Write an essay in which you locate Jungian archetypes: the self, the ego, the shadow, the persona, the anima/animus, the hero, and the pattern of the hero’s journey. Explore the archetypes within the context of the Hero’s Journey.
This essay is not about the film, as much as it is about Jungian archetypes in the context of the Hero’s Journey. Feel free to incorporate anything else we covered in the first half of the semester (Modules 1–6) if those ideas come up in viewing the film.
Instead, write about archetypal concepts and how those concepts relate to the film. What archetypes do the characters in the film represent? What do they tell you about the human psyche?
For instance, how is the shadow archetype represented and how does it operate? What is its relationship to other archetypes in the film, like the relationship between the hero (ego) and the villain (shadow)? If there is more than one shadow, or more than one hero, how do these character differ and why are they necessary.
Does the plot follow the hero’s journey perfectly or are there differences? If there are places where the plot veers away from the hero’s journey, what changes about the storyline or archetypes?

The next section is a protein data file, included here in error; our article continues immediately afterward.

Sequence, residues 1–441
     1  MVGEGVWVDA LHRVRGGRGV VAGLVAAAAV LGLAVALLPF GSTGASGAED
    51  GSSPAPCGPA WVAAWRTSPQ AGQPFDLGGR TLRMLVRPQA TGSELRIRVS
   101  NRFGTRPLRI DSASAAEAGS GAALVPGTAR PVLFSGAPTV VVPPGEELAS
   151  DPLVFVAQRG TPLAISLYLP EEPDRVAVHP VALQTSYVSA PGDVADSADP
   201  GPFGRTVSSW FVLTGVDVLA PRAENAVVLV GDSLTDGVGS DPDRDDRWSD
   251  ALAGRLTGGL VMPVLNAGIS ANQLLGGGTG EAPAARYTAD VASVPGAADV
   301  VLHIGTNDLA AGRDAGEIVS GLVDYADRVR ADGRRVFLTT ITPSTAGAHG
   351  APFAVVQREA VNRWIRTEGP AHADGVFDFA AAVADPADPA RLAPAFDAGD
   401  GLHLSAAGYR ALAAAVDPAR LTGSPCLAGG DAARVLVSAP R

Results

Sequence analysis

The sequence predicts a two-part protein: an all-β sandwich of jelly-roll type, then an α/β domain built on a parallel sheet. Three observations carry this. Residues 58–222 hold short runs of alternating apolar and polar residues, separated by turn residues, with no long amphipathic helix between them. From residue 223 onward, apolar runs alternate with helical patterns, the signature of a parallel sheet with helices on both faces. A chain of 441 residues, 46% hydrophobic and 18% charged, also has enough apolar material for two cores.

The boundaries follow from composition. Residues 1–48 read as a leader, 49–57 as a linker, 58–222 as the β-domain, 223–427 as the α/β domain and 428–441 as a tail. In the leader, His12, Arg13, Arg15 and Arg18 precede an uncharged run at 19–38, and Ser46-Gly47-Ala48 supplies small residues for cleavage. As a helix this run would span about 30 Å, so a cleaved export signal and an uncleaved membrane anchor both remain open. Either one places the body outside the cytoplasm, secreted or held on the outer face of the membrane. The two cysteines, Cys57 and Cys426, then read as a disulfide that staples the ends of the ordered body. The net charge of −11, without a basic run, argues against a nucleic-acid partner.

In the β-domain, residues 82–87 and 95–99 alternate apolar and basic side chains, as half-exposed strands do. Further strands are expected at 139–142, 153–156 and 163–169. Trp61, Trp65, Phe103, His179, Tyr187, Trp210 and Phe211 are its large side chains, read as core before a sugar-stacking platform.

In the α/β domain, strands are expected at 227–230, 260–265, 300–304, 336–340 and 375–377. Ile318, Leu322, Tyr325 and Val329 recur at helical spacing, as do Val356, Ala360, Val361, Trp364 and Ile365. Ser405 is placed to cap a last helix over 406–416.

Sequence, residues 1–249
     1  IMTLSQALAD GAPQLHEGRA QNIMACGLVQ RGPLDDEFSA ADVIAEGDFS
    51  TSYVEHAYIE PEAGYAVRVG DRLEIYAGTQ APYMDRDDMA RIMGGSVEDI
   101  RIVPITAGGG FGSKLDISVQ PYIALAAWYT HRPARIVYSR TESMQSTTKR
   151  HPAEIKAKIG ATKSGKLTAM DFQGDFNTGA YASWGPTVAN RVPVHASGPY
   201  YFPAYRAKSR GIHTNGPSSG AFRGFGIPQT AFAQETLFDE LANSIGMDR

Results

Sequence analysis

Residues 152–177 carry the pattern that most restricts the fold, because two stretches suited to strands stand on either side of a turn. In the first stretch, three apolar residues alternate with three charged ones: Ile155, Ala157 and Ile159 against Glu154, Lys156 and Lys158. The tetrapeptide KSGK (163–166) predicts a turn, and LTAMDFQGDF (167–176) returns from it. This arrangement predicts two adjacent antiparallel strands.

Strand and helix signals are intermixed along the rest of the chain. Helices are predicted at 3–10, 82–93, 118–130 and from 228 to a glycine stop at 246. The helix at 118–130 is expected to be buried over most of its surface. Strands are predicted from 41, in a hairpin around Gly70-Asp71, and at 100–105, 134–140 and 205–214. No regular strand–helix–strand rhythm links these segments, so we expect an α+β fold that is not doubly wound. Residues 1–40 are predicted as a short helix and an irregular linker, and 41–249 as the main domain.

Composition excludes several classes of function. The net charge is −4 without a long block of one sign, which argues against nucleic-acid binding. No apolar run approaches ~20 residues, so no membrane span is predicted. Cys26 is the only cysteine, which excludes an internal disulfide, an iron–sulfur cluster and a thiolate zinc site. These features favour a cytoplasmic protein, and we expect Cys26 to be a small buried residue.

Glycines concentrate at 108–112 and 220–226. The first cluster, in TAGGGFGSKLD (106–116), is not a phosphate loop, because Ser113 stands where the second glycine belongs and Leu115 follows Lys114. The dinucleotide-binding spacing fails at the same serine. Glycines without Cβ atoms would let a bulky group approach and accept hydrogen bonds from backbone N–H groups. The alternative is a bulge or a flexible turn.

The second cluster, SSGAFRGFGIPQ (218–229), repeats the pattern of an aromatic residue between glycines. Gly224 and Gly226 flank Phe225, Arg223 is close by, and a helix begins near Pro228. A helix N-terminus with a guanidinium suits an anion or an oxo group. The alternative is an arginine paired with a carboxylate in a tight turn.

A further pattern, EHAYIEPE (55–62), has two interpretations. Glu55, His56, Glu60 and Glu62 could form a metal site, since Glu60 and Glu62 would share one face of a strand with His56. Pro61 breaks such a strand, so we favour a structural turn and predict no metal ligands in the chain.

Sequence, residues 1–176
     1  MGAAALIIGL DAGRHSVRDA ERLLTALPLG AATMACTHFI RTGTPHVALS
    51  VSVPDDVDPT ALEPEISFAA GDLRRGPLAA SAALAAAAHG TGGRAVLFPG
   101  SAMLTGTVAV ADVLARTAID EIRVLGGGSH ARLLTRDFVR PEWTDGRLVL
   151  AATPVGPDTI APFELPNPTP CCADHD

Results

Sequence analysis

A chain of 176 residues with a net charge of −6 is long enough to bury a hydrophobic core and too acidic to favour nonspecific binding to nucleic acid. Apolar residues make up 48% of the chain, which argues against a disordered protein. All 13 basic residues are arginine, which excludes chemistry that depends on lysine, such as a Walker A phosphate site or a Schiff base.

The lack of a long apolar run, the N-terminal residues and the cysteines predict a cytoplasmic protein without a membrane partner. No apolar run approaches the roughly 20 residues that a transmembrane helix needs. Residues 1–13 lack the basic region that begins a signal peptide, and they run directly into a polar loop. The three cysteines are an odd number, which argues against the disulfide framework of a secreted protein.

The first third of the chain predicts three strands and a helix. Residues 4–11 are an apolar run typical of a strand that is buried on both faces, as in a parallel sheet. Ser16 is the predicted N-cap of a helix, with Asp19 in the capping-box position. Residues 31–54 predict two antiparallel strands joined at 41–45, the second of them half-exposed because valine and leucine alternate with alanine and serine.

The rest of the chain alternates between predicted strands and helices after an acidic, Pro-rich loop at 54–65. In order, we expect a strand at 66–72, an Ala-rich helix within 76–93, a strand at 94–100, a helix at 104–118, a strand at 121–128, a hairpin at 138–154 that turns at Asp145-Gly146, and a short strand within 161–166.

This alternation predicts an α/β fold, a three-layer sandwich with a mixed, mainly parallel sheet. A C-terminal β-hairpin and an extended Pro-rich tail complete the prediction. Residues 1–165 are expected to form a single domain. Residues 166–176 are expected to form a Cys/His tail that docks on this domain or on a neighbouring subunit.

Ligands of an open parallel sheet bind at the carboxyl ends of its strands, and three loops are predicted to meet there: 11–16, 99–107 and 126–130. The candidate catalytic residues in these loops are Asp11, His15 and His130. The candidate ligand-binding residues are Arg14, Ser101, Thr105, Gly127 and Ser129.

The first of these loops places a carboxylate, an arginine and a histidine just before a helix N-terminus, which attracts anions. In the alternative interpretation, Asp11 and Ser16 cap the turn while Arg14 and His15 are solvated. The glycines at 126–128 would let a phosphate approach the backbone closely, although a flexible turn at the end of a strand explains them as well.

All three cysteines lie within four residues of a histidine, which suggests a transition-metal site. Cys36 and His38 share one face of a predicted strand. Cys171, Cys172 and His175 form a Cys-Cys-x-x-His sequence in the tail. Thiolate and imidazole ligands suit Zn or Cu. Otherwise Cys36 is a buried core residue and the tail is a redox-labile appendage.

The Harry Potter and the Philosopher’s Stone shows various archetypal concepts throughout the film and is in fact integral to the overall plot development of the same. Primarily, it is humbly submitted that the hero and shadow archetype dominated the story and in the backdrop, virtually all the other archetypes were illustrated, in their respective ways, in helping the hero with his journey.
Harry Potter, the protagonist, squarely represents the hero archetype since he is a person who takes great risk. He undergoes his journey with absolute courage, further augmenting this argument that the hero archetype is present within his character. The decision making of Harry was pretty radical and straightforward, but nonetheless executed. But like the human psyche, this archetype can be burdened by several factors, which can sometimes consist of the shadow archetype.
The shadow archetype has become an indispensable tool in this Harry Potter story since it allowed the layers of conflicts to revolve in gradual motion and not to mention, thicken the plot, e.g., when Snape turned out to be helping Harry or when Quirrell revealed that Voldemort was with him. This is very similar in real life, where various forces can be made to function against the human psyche (self) in strengthening or destroying the same.
Throughout the story, there were various manifestations of the shadow archetype, occurring in different scenes and in different characters. For elucidation, shadow is basically the archetype which speaks of the unconscious. Applied in the story, the shadow is apparent in Snape, Quirrell and the Mirror of the Erised. The function of the shadow in each is symbiotic to Harry’s journey as a hero.